• Electricity: Cheap electricity is available and there is not much power breakdown in the state.
    • Market: There is a large market of cotton products, both in India and abroad.
    • Seaport: The seaport of Mumbai is well connected by rails and highways.
    • Investment: There is no dearth of money invested in this industry.
    • Entrepreneurs: Mumbai being the commercial capital of the country enjoys the presence of entrepreneurs who are always willing to invest in this industry.
    • Early Start: The state of Maharashtra and the city of Mumbai got the advantage of an early start in the cotton textile industry.

Problems of the Cotton Textile Industry

    • Shortage of Raw Material: There is a shortage of raw materials,s especially of good quality cotton to meet the growing demand of the Indian textile industry. The fluctuating prices and uncertainties in the availability of raw materials lead to low production and sickness of the mill
    • Obsolete Machinery: Most Indian textile mills are working with obsolete machinery. The outdated machinery cannot compete with sophisticated types of equipment.
    • Erratic Power Supply: The power supply to most of the factories is inadequate and erratic which adversely affects the production of goods.
    • Strikes and Lockouts
    • Competition in Foreign Market:
    • Heavy Excise Duties: The cotton textile industry suffered because of heavy excise duties. The high rate of duty on imported cotton has increased the cost of production of clothes
    • Competition with Synthetic Fibres: The poor people of the COW1try prefer to use synthetic fibre clothes which are more durable and attractive.
    • Sick Mills: The machinery of these mills is obsolete and can only be replaced with heavy investment. The slow pace of modernisation, outdated machinery, and old technology are some of the long-term problems which need to be addressed.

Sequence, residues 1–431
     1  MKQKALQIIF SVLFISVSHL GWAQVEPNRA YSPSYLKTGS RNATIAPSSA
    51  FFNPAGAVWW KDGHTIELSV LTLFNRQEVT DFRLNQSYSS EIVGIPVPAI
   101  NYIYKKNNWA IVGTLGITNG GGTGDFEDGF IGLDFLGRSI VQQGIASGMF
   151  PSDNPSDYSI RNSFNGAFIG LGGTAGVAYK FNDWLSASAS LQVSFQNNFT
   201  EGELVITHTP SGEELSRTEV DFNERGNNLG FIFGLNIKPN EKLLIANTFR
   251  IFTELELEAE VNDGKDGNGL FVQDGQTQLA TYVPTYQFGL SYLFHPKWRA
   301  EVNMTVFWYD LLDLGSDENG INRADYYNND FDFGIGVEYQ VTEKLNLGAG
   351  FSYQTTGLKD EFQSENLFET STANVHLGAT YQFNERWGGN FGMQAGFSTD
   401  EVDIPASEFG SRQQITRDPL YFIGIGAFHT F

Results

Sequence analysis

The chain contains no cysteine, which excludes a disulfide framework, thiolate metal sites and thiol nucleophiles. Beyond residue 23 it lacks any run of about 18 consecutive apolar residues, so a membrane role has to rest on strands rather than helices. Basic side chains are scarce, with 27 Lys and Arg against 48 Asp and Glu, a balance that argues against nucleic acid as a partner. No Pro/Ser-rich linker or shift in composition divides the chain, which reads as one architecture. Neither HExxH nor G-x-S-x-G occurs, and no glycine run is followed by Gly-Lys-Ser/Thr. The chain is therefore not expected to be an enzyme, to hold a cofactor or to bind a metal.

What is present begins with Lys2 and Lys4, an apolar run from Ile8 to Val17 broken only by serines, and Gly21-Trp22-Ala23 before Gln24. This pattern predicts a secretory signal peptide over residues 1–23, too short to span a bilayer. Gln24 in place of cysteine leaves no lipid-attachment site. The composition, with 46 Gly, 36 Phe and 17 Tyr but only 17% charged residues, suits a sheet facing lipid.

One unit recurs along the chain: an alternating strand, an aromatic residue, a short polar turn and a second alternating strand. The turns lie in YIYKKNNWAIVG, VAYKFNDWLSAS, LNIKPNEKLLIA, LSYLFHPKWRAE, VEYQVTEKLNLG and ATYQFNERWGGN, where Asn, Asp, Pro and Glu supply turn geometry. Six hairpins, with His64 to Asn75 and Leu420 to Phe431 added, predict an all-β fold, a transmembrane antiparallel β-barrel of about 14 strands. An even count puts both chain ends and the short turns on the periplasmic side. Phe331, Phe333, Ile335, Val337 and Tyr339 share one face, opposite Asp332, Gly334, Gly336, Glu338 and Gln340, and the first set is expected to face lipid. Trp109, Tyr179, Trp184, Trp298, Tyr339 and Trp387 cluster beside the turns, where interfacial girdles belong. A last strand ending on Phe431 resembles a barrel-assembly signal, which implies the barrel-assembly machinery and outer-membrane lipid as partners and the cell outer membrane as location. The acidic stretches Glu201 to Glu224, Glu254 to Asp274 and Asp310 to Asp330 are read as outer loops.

Iron Ore:

The iron ore is mined and then purified by smelting using limestone and coking coal. The pig iron obtained is then melted using an oxygen furnace. Here oxygen blows through it to get melted iron. Then other metals are added to get various steels.

The location of the steel industry depends on:

  1. Source of raw material: the weight of finished steel is lower than the raw materials needed. Hence to lower the cost of transportation the steel industries are located near iron ore mines.

The earlier technique of steel manufacturing was coking coal intensive. Hence steel plants were located near coal mines.  The new technique is iron ore intensive and coal requirements are less.

  1. Port-based steel plants are located near ports due to the ease of exporting to foreign markets. It is also feasible to import raw materials usually coking coal from foreign countries for steel making.
  1. Market-based plants are located near consumers. These are mini steel plants and produce mild steel, alloy steel and stainless steel. The gestation period of these plants is less and energy requirements are also less. They account for 30% of steel production in the country.

India is the largest producer of sponge iron in the world. Per capita finished steel consumption is 39kg less than the world average of 150 kg. China’s annual steel production is 10x that of India.


One of the most advanced industries is important for housing and infrastructure development.
India is 2nd largest producer of cement after China.

Raw materials for cement:

  1.  Limestone -65%, silica – 20%, alumina -5%
  2.  Slag from steel and fertilizer plants
  3.  Seashells and gypsum, bauxite.

Cement is located based on the source of the raw material limestone. The limestone of weight 1.5 tons is needed for 1 ton of cement. Coal too is highly important as it’s mixed with limestone to get clinker.